So a war which took place in some distant land a decade ago, which might still be continuing on a smaller but equally devastating scale today, is of lesser importance to some than a new escalation of violence in a previously peaceful place. And things which happen on their own doorstep – and I can name many events right down from the refugee camps on Calais through to the mass murders in American cities – tend to be seen as a problem created by others which should also be solved by others. They are a brief antagonism, and then become old news which can be filed away as something still happening, but being dealt with by the appropriate authorities, whosoever that might be.
What we also see, and this should surprise no one since it is a facet of modern industrialised society going back centuries, is a level of wealth created on the backs of others, by the labour of others, which enriches the few, but does not raise their moral conscience in any perceivable manner. The richest man in the world, recently, complained that he did not know what to do with the billions of dollars he is worth, which he has banked and saved. Despite many people drawing his attention to the plight of his own workers, who receive minimal pay for their hours and work in appalling conditions, and the good his otherwise useless wealth could bring to tens of thousands of people in need worldwide, his stance remains the same, and his wealth grows. As with many others who either created their own wealth and should, therefore, know better, or inherited both wealth and a sense of being above and beyond ordinary people.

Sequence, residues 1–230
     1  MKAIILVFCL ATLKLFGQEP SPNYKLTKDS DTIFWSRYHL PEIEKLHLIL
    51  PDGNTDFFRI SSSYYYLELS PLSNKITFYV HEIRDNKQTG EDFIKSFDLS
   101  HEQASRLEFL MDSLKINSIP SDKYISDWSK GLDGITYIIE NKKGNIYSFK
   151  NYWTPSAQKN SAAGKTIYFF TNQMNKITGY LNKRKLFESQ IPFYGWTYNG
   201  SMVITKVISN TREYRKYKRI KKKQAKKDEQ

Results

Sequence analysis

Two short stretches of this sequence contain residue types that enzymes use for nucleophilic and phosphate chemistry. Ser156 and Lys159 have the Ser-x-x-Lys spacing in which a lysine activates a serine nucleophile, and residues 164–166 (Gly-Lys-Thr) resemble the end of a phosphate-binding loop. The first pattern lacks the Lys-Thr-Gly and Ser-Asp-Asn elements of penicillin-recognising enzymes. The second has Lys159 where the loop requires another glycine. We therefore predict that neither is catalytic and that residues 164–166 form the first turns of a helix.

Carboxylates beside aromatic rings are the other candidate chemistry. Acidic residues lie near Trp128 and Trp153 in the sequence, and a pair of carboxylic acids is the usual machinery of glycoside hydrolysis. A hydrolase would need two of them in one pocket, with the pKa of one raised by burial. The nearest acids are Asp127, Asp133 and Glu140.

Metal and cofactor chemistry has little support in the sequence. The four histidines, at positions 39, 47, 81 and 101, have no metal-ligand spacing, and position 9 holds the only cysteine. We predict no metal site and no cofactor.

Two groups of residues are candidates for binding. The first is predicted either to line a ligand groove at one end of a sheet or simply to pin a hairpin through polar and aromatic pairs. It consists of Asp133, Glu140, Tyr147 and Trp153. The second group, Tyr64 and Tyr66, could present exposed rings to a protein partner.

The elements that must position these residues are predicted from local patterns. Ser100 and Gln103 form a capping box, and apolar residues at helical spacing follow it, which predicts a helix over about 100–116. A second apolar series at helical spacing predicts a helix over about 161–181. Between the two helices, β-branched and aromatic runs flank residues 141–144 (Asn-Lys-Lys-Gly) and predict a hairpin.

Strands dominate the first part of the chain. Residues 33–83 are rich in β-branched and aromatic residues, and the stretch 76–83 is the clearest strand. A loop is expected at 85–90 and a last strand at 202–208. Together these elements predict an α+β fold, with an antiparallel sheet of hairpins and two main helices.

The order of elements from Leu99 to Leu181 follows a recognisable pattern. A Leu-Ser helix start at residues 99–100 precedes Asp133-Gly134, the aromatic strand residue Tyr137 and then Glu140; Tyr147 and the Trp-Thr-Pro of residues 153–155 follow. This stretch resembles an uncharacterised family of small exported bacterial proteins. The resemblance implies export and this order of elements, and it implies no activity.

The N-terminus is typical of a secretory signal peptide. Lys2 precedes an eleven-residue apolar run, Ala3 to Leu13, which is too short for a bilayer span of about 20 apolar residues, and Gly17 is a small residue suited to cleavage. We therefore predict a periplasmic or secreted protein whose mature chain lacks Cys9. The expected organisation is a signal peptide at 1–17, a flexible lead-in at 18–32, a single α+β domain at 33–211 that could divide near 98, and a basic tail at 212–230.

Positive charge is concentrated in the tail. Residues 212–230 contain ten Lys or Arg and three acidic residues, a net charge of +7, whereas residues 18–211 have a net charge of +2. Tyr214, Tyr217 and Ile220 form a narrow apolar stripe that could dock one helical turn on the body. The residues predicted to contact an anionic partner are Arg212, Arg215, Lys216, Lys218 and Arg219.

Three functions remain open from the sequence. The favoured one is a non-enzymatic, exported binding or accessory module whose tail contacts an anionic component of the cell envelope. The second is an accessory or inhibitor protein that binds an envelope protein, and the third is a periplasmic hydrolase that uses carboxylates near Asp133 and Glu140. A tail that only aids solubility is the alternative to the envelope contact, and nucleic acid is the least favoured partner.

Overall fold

People who do travel and see the plight of others, and I did this in my youthful years, tend to be written off as Good Samaritans, or hippies, as libtards (an insult meaning liberal retard) and lefties without any true sense of how society operates today. They have, it is claimed, Communist thoughts and will make the world a better place without any real knowledge of the world, and by using means and riches available or belonging to other people, rather than their own. This is, of course, rarely true, but the movement to denigrate a person, an organisation, a line of thought, is ingrained in some parts of society today, in some news and social media, and in the attitudes of those who are brought up in relative comfort with almost everything their heart desires, and certainly more than their body needs. As is the use of sidelines, of distracting stories to change to narrative and distract from reality. Any society, as one example, which actively destroys the medical and health facilities available to those of lesser means, the poor and needful, is not going to be interested in taking notice of those in real need elsewhere, they are too busy creating their own major levels of poverty at home, and then finding people to blame for their tricks and crimes.